Rated | Alphabetical
John Carpenter, USA, 1979
February 23, 2003
A scary movie needs atmosphere: Antonio Bay has atmosphere. A scary movie needs
a creepy plot: Zombie lepers returning from watery graves is very creepy. And
last but not least, a scary movie needs a diversion to lower your guard. In
The Fog, Adrienne Barbeauís large breasts are said diversion. Letís get this
out of the way now: Would you make a movie with zombies coming out of the fog to
avenge their wrongful deaths and in that same movie, deny me a glimpse of a
topless Adrienne Barbeau? Why not just bake me a cake and forget the icing, or
extend the work week while youíre at it? What fiend, nay, monster would do such
a thing? All right, Iíll allow my righteous indignation to subside...for now.
The little town of Antonio Bay has a horrible secret. A priest (Hal Holbrook)
discovers a hidden journal describing how the townsfolk intentionally led a ship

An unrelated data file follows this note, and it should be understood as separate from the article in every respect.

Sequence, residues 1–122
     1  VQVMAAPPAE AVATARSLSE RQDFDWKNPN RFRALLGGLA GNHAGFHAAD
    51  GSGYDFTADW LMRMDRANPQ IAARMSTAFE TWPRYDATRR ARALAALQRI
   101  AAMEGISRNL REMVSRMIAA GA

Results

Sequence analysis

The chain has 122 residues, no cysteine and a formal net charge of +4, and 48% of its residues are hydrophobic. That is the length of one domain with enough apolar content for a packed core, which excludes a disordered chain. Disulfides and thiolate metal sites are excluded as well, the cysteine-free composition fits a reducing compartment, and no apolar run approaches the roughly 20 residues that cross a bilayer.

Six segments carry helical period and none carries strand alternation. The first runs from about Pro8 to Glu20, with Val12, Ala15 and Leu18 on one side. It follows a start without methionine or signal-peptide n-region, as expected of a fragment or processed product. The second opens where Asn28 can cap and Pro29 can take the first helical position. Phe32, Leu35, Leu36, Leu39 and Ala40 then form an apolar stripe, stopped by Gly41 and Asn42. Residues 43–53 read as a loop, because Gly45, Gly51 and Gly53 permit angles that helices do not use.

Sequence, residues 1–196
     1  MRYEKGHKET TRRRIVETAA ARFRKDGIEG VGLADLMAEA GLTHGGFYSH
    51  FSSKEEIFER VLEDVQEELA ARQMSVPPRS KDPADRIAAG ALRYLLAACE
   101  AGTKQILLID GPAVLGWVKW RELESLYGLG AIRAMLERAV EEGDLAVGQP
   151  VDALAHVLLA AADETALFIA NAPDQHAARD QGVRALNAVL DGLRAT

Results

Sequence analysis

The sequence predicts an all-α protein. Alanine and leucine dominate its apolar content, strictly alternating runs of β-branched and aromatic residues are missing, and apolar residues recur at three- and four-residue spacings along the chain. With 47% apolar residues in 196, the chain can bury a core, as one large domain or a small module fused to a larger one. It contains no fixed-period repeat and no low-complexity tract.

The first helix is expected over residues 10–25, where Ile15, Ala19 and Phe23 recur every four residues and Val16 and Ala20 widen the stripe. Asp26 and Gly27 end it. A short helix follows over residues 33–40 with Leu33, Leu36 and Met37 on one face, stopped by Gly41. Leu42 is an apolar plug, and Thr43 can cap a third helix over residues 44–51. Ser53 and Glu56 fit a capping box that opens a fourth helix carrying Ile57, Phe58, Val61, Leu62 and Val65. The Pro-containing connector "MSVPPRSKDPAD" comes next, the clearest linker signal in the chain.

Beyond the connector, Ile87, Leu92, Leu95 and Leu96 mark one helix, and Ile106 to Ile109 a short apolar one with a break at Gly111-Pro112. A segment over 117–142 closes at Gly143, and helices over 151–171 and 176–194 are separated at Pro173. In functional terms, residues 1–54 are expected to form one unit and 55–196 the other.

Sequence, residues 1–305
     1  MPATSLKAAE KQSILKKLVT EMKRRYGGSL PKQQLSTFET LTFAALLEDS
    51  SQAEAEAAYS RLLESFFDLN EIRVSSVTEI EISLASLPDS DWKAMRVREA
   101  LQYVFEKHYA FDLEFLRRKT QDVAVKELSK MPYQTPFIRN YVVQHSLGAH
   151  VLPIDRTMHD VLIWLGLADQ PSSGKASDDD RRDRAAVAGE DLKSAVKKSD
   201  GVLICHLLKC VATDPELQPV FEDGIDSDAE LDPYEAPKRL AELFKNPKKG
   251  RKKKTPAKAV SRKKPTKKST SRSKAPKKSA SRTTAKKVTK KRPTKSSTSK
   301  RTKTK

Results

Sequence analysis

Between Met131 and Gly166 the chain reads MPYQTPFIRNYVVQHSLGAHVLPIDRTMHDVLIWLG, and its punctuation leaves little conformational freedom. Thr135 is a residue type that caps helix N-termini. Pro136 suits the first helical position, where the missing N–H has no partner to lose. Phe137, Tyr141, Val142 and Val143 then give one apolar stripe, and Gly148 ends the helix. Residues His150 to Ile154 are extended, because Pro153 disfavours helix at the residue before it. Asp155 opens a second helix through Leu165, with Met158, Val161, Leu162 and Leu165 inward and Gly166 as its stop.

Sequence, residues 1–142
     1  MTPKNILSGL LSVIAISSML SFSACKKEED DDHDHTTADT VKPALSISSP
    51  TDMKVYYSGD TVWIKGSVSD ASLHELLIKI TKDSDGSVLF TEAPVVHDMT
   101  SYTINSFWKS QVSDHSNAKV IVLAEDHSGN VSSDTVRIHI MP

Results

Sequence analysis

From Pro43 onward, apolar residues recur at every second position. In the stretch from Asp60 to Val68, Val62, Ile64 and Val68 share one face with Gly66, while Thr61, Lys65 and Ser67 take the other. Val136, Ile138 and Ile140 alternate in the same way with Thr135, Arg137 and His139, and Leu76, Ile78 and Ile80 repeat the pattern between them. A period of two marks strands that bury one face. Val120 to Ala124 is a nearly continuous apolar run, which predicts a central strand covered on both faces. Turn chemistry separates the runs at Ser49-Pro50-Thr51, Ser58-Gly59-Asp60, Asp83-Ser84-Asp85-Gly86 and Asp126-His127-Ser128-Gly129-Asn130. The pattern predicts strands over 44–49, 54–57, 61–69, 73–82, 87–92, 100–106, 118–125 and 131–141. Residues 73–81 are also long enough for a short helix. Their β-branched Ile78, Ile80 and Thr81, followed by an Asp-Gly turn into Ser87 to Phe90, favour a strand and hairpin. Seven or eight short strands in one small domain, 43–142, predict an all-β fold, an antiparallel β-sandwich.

full of lepers to crash into the rocks off the shore. (Apparently the townsfolk
objected to the establishment of a leper colony so close to their peaceful
village.) So now, with karma being the bitch that it is, these zombie lepers
have returned to take vengeance on the residents of Antonio Bay and to reclaim
the gold that was stolen from them. You know, you light a fire on the shore to
trick some lepers into believing that it's a lighthouse, then you watch as they
crash into the rocks and drown, and on top of all this, you jack their gold?
Youíre just asking for it!
Look for multiple hackings, stabbings, and a surprise beheading. Jamie Lee
Curtis adds little to the proceedings, certainly not near enough to compensate
for the cruel denial of Adrienne Barbeauís cleavage. That aside, The Fog is one
of the better examples of late-'70s/early-'80s horror fare, and would be an
excellent candidate for a remake project today, thanks largely to its
abovementioned propensity for creepiness. So the film scores a respectable 3.1.
It originally rated a 3.3, but .1 was deducted for each of Ms. Barbeauís breasts
that John Carpenter saw fit to deny me.
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